Multiple Sclerosis (MS)

The average age for the onset of Multiple Sclerosis, which is twice as common in women, is between 20 and 40 years.
Multiple Sclerosis (MS) is a neurological disease characterized by inflammation of the brain and spinal cord. In MS, malfunctioning immune system cells cause damage to the nerve sheaths of cells (neurons) in the brain and spinal cord. As a result, neurons are unable to function properly. MS is the most common cause of non-traumatic neurological disability in young adults. Once the clinical threshold of irreversible disability is reached, it may be too late to benefit from treatment. Early treatment can reverse some of the effects of early axon dysfunction.

MS is a complex disease and many risk factors have been identified. Environmental factors such as geographical factors, low vitamin D levels and smoking; genetic factors such as female gender, ethnicity and family history; and viruses such as EBV and HHV-6 can cause the disease.

Visual impairment occurs in the majority of MS patients, and optic neuritis is the first symptom in many patients. A low contrast visual acuity test, it is investigated how well the patients can distinguish objects in front of a flat or shaded background of a similar color. At certain contrast levels, the size at which they can read progressively smaller letters is assessed. The findings of Multiple Sclerosis and the place of involvement in the nervous system vary from person to person. These symptoms are:

  • Ataxia : Impaired movement coordination,

  • Babinski sign: Extension of toes when the soles of the feet are stimulated with an object

  • Blurred or double vision, nystagmus,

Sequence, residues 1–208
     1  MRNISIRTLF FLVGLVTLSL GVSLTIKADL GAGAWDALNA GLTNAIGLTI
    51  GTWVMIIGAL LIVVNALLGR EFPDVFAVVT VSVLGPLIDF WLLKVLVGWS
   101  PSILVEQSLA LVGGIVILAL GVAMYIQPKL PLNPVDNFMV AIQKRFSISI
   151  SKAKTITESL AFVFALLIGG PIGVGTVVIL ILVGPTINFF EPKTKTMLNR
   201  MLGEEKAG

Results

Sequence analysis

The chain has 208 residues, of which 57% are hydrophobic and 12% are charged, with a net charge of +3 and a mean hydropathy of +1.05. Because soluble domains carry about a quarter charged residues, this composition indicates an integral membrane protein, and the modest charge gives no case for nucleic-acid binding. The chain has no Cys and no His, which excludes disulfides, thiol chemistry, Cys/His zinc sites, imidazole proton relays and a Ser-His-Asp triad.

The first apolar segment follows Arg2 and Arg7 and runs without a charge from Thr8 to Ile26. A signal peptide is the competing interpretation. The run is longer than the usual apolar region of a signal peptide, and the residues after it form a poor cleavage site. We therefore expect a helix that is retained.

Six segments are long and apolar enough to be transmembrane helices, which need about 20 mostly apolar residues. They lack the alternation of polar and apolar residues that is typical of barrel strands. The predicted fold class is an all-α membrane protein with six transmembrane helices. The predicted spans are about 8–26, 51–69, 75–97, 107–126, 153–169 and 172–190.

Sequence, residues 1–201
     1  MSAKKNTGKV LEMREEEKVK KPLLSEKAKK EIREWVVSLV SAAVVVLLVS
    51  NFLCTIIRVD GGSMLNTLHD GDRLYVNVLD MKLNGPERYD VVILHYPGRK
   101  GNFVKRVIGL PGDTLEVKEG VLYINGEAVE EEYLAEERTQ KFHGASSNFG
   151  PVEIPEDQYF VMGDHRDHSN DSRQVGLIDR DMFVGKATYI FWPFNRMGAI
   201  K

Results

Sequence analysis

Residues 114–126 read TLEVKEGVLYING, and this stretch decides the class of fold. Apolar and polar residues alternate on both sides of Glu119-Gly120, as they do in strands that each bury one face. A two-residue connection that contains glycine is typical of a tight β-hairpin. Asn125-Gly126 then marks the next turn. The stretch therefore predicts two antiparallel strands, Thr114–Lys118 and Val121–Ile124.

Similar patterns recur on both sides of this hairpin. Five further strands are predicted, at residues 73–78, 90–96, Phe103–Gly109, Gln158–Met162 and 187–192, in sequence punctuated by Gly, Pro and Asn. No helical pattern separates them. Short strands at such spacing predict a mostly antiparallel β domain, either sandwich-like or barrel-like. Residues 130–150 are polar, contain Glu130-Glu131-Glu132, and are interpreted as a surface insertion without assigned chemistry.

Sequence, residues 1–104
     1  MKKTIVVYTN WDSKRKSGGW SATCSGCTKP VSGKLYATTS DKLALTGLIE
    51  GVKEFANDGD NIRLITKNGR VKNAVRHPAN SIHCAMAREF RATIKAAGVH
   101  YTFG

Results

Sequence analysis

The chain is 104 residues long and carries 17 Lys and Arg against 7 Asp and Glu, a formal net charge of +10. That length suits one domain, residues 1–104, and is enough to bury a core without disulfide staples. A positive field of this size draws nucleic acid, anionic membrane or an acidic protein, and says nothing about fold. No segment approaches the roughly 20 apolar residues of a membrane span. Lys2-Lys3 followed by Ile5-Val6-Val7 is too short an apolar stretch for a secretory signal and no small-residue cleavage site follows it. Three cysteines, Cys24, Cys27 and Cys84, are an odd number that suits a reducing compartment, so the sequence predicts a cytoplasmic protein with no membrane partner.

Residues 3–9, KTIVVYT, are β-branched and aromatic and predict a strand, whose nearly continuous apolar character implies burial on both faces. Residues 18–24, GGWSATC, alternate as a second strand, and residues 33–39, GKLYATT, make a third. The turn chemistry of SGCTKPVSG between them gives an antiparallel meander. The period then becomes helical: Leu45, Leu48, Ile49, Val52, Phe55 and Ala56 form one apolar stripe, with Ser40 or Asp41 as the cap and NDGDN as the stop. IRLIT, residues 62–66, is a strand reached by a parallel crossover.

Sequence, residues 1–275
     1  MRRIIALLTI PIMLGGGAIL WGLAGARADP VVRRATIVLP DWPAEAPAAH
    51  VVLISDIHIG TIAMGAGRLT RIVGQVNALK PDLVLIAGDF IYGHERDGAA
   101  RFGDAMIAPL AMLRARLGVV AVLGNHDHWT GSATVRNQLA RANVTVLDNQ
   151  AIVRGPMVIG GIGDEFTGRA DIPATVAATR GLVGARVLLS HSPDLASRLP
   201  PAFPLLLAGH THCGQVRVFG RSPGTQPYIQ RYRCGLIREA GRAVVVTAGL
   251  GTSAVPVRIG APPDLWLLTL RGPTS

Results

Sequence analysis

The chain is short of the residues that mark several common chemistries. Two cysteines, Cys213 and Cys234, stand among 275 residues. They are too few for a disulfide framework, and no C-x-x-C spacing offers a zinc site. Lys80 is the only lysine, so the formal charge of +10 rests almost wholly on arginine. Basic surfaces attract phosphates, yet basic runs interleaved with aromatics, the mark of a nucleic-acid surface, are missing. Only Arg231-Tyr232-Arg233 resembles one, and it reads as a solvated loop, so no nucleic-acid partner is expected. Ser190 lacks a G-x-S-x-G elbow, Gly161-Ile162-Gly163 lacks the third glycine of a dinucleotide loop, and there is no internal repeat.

• Clonus: A condition characterized by involuntary contraction and relaxation movements that occur one after the other in a particular muscle or muscle group.

  • Dysarthria,

  • The ability to quickly swing between moods,

  • Fatigue,

  • Paralysis characterized by muscle dysfunction due to nerve damage in the hand,

  • Hemiparesis,

  • Hyperactive deep tendon reflexes (such as the knee-jerk reflex),

  • Paresthesia: Loss of sensation, numbness and tingling sensation,

  • Thamuria and urinary incontinence,

  • Impotence in men,

  • Incoordination (coordination disorder),

  • Monoparesis: Paralysis involving only one arm or one leg,

  • Imbalance and dizziness

Although there is no definitive cure for MS, treatments are mostly used to slow the progression of the disease, prevent attacks and reduce symptoms. Corticosteroids or plasmapheresis are used to treat MS attacks. Physical therapy and muscle relaxants can be used to reduce signs and symptoms. Treatments are usually aimed at preventing the progression of the disease.

Current medicines used to treat MS:

  • Steroids (control of relapses)

  • Plasmapheresis (control of relapses)

  • Disease modifying treatments (DMTs)

Thecreated by Roche Pharmaceuticals Türkiye in collaboration with Turkish MS Society, Black Sea Region MS Society, İzmir MS Society and Adana MS Society, focuses on unmet needs of MS patients in Türkiye. The platform, which addresses the misconceptions about MS disease, offers uptodate content that patients and their relatives can follow on a regular basis.

End-to-end digital disease management and telehealth application MS+ was developed in cooperation with Albert Health and MS Society of Turkey and was sponsored by Roche Turkey. This pioneering and innovative application aims to follow-up patient data and to improve the management of the disease by sharing the data with physicians with patient consent.

Please visit the link to download the app;


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  2. What is a Neurologist_ - Neurology - Highland Hospital - University of Rochester Medical Center 08.06.2023.

  3. Thau L, et al. Anatomy, Central Nervous System - StatPearls - NCBI Bookshelf. Last Update October 10, 2022.

  4. Overview of Nervous System Disorders Johns Hopkins Medicine 08.06.202.

  5. Multiple Sclerosis National Institute of Neurological Disorders and Stroke 09.06.2023.

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The information provided on this site is not for diagnostic or medical advice, but for informational purposes. If you have or think you have a disease to be treated, consult a specialist physician.

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